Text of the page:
Be prepared with a winter survival kit for your vehicleNov 18, 2022 11:22AM ● By Editor
To help Minnesota residents minimize the risks of winter, the Minnesota Department of Public Safety, in collaboration with the National Weather Service and other state, federal, and non-profit agencies, sponsors Winter Hazard Awareness Week each fall.
The event includes a media campaign, website promotion and social media posts. The week-long effort provides specific information each day that can be used in conjunction with school, church, or civic programs.
Everyone should be cautious about traveling in extreme winter weather. Cold, snow and ice are demanding on cars, drivers and passengers. Most importantly, extreme winter weather can threaten your life.
Winter Safety Checklist: Winter Safety Checklist - Winter Travel
Fact Sheet: Winter Survival In Your Car
Dialing 911 on a Cell Phone
A cell phone is a valuable tool for drivers who witness, or are involved in, emergency situations. Cell phone users on the road must provide dispatchers with specific information about the emergency.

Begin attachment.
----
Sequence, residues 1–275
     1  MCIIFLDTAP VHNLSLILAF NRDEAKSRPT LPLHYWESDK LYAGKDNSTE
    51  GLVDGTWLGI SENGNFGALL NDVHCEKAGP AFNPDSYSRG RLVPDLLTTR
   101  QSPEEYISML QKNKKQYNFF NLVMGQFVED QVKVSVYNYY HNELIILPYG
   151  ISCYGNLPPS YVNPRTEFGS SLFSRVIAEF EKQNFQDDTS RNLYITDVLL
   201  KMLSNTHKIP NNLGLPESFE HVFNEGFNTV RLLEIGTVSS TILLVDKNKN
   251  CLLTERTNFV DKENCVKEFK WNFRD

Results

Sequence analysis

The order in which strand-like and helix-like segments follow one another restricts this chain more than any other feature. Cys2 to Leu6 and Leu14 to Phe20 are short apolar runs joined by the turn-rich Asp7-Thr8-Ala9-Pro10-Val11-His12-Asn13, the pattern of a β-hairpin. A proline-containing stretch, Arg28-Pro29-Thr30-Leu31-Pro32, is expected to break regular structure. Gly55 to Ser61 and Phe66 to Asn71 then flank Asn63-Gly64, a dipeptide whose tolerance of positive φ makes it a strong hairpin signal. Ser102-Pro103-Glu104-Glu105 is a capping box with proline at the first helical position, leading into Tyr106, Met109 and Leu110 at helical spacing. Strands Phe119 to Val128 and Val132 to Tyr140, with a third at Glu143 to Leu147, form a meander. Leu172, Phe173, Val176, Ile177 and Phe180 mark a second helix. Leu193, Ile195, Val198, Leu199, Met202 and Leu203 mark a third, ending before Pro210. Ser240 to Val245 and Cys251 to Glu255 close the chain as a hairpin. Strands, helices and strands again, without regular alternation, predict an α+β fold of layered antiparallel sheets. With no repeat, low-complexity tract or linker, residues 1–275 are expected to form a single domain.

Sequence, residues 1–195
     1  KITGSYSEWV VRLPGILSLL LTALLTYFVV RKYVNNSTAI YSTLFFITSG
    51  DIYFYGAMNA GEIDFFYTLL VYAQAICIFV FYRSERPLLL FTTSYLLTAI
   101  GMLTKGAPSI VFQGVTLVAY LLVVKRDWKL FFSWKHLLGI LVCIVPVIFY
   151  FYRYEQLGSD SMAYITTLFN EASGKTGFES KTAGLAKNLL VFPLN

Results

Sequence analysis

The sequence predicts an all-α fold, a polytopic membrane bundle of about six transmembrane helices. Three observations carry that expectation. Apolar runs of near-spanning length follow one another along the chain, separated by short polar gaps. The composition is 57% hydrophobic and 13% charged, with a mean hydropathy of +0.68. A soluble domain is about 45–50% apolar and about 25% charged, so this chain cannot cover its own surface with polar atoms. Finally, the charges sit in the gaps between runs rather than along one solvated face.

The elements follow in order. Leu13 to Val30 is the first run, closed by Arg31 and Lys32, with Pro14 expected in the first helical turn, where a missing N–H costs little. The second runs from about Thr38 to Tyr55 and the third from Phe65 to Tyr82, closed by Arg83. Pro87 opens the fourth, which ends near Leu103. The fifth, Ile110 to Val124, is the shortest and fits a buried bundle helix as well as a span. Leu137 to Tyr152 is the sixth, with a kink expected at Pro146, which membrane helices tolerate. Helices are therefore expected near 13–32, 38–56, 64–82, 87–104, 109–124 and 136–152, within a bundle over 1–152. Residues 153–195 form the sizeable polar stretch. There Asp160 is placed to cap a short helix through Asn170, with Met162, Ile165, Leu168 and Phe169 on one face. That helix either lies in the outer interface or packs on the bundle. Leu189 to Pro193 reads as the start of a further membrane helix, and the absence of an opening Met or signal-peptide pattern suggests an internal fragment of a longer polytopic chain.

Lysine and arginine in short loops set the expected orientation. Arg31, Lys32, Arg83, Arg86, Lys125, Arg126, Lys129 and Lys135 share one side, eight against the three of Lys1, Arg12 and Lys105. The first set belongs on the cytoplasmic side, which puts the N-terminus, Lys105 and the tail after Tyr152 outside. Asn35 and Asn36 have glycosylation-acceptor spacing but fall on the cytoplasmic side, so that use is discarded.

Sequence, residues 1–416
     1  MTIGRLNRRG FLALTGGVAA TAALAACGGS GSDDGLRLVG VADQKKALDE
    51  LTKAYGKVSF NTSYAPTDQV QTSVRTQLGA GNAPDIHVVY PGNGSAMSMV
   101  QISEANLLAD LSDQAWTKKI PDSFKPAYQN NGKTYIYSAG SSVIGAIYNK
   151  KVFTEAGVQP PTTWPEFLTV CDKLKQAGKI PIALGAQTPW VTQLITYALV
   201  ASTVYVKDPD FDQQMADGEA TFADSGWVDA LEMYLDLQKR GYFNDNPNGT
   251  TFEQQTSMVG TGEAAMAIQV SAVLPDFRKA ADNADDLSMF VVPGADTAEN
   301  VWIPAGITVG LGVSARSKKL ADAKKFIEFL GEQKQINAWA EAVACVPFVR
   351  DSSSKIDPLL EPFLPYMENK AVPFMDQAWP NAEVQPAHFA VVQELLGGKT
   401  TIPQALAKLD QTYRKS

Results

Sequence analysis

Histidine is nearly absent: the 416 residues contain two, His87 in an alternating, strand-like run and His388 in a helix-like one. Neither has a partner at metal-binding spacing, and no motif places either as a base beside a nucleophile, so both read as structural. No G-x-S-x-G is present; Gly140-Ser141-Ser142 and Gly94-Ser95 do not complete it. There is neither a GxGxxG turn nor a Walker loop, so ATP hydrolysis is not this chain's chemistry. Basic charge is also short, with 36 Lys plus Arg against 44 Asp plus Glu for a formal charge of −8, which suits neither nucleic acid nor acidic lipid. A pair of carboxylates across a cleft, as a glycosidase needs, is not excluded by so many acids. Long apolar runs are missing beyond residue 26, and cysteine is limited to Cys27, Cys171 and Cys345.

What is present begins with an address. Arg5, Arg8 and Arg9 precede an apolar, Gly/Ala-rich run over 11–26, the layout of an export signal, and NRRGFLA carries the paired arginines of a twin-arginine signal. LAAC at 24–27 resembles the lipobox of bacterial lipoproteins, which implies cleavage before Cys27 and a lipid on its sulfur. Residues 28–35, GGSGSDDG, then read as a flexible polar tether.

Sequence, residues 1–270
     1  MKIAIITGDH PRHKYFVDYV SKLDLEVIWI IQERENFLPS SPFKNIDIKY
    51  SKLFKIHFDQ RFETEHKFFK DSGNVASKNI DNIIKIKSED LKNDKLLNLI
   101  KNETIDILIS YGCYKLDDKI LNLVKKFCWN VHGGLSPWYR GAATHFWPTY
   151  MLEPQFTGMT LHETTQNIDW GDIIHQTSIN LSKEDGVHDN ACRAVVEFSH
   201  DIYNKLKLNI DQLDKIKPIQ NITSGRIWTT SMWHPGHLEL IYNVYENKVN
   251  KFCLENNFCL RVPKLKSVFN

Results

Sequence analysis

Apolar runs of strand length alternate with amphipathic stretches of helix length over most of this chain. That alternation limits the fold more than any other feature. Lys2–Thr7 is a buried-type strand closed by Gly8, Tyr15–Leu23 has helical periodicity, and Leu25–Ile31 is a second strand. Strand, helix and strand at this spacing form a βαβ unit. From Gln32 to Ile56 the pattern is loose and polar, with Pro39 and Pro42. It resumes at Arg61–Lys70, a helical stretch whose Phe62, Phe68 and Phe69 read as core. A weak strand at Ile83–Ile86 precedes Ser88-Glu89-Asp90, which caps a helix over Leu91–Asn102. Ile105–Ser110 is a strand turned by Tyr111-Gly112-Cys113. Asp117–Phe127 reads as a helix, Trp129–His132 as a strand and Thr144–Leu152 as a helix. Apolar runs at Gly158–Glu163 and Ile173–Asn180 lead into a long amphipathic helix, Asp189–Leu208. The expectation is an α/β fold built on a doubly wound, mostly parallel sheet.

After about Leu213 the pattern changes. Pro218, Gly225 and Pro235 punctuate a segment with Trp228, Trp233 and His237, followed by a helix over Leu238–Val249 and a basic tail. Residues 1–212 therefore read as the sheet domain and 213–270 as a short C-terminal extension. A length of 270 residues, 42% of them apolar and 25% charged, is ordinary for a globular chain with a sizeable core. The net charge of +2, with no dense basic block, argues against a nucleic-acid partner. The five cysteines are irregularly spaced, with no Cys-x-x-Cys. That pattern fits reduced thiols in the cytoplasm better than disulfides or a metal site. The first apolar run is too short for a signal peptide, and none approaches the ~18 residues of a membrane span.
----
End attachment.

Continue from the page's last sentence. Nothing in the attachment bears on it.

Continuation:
Cellular 911 calls are routed to public safety answering points operated by state or local agencies. Although newer cell phones now provide approximate location or have GPS and callback numbers when 911 is dialed, an exact location may need to be provided by the caller.
The 511 Phone Information System provides road safety information 24 hours per day. Landline and cell phone users can call 511 for regional and statewide reports on traffic congestion, road and weather conditions, construction work and other obstacles.
The Minnesota Department of Transportation's (MnDOT) website features both a dial-up/static site and a high-speed Internet/Google map site with real-time updates. You may also sign up for the Metro Twitter account, which will alert you to any incidents within the Metro area.
There is now a smart phone site with the same information as the full featured site.
- Check road conditions at www.511mn.org or call 511; it takes time to get roads back to good driving conditions.
- Be patient and remember snowplows are working to improve road conditions for your trip.
- Stay back at least five car lengths behind the plow, far from the snow cloud. Snowplow operators will pull over when it is safe to do so to allow traffic build-up to pass.
- Stay alert for snowplows that turn or exit frequently and often with little warning. They may also travel over centerlines or partially in traffic to further improve road conditions.
- Slow down to a safe speed for current conditions, and give yourself plenty of travel time. Snowplows typically move at slower speeds.
- Buckle up and ensure children are properly secured in the correct child restraint.
- Avoid unnecessary travel if road conditions are too poor.